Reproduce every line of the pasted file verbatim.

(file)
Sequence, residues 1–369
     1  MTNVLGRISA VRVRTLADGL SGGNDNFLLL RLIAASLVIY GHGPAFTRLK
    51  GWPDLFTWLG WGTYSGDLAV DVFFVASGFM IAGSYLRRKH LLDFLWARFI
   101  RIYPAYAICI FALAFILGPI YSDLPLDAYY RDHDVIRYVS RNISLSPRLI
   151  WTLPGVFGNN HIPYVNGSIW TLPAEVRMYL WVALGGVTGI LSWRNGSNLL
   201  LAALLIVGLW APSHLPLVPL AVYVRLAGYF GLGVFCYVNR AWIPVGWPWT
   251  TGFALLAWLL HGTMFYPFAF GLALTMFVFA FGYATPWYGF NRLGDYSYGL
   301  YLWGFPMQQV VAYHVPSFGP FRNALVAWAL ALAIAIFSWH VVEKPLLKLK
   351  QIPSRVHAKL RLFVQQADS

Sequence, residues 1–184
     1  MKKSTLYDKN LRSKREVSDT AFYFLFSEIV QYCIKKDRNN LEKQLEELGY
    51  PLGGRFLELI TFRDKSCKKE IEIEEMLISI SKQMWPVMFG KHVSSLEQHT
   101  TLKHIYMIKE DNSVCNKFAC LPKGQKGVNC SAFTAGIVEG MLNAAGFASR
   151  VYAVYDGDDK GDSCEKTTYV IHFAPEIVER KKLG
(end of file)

Sequence, residues 1–369
     1  MTNVLGRISA VRVRTLADGL SGGNDNFLLL RLIAASLVIY GHGPAFTRLK
    51  GWPDLFTWLG WGTYSGDLAV DVFFVASGFM IAGSYLRRKH LLDFLWARFI
   101  RIYPAYAICI FALAFILGPI YSDLPLDAYY RDHDVIRYVS RNISLSPRLI
   151  WTLPGVFGNN HIPYVNGSIW TLPAEVRMYL WVALGGVTGI LSWRNGSNLL
   201  LAALLIVGLW APSHLPLVPL AVYVRLAGYF GLGVFCYVNR AWIPVGWPWT
   251  TGFALLAWLL HGTMFYPFAF GLALTMFVFA FGYATPWYGF NRLGDYSYGL
   301  YLWGFPMQQV VAYHVPSFGP FRNALVAWAL ALAIAIFSWH VVEKPLLKLK
   351  QIPSRVHAKL RLFVQQADS

Sequence, residues 1–184
     1  MKKSTLYDKN LRSKREVSDT AFYFLFSEIV QYCIKKDRNN LEKQLEELGY
    51  PLGGRFLELI TFRDKSCKKE IEIEEMLISI SKQMWPVMFG KHVSSLEQHT
   101  TLKHIYMIKE DNSVCNKFAC LPKGQKGVNC SAFTAGIVEG MLNAAGFASR
   151  VYAVYDGDDK GDSCEKTTYV IHFAPEIVER KKLG